A new study led by the Southern Methodist University (SMU) has found that tasks designed to make someone more agreeable can also effectively reduce a trio of negative personality traits – Machiavellianism, narcissism, and psychopathy – known as “the Dark Triad.” After four months of practicing activities that increased agreeableness – such as donating money to charities or talking to strangers and asking them about themselves – all three Dark Triad traits declined, even in participants claiming that they wanted to increase rather than diminish such traits.
The Dark Triad has often been associated with a variety of behavioral hazards, including academic cheating, increased criminal activity, increased violence with intimate partners, or negative workplace behaviors leading to reduced productivity and impaired professional relationships. Thus, reducing these traits could be beneficial for both individuals and the societies in which they live.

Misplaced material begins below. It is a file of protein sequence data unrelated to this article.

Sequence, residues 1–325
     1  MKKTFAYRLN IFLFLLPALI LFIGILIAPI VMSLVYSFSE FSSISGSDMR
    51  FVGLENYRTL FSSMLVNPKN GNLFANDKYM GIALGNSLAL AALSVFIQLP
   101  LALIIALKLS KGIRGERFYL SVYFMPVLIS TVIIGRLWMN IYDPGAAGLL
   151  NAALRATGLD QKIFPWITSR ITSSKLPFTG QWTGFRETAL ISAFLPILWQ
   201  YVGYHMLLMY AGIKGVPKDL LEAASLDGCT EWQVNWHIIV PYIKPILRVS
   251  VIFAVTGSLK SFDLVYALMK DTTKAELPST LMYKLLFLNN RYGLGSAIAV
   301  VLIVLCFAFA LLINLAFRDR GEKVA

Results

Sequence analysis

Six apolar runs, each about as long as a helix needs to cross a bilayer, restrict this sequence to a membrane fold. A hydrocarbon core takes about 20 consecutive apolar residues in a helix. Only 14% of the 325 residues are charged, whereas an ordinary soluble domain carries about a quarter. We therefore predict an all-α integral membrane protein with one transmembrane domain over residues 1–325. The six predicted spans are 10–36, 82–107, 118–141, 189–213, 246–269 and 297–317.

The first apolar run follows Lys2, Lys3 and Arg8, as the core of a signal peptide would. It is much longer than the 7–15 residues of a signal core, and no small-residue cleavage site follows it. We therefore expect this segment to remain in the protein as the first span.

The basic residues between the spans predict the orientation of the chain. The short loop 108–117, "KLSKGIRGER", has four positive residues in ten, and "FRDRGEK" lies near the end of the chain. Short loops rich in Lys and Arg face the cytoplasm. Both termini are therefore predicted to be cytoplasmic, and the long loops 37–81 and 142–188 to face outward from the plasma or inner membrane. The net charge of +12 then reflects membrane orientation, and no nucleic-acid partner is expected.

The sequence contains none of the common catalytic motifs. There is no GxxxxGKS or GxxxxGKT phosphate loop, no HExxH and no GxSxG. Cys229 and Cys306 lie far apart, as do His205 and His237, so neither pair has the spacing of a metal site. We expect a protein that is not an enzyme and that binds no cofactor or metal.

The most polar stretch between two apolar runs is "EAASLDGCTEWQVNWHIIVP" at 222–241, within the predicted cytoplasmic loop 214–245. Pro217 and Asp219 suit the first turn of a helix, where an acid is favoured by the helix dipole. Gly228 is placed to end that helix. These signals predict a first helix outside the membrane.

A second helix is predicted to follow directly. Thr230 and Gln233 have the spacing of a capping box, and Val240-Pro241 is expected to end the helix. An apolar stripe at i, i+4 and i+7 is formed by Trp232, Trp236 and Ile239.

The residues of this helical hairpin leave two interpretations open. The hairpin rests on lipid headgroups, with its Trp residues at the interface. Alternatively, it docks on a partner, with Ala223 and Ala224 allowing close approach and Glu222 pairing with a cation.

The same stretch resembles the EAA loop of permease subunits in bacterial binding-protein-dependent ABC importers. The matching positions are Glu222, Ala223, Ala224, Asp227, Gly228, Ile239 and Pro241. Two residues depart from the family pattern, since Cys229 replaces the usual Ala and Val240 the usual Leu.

Previous research conducted by study author Nathan Hudson, an assistant professor of Psychology at SMU, has shown that people who actively struggled to change aspects of their personality were often successful in achieving the results they desired. In order to help them accomplish such goals, Professor Hudson created a list of challenges which people can take in order to change one of the “Big Five” personality traits (extraversion, agreeableness, openness, conscientiousness, and emotional stability).
However, since he was curious whether completing those tasks could also have unintended effects on other traits, in his most recent study, Professor Hudson examined whether changing any of the Big Five traits could reduce Machiavellianism, narcissism, or psychopathy. He was surprised to find that only activities targeting agreeableness were shown to significantly reduce all three Dark Triad traits.
“Thus, interventions targeting agreeableness may be an effective way to help reduce dark traits in a way that people may be likely to cooperate with. This research suggests that taking small steps to become more agreeable may also reduce individuals’ levels of the dark triad. These findings may have implications for future research, as well as therapeutic treatments,” he concluded.
The study is published in the Journal of Personality.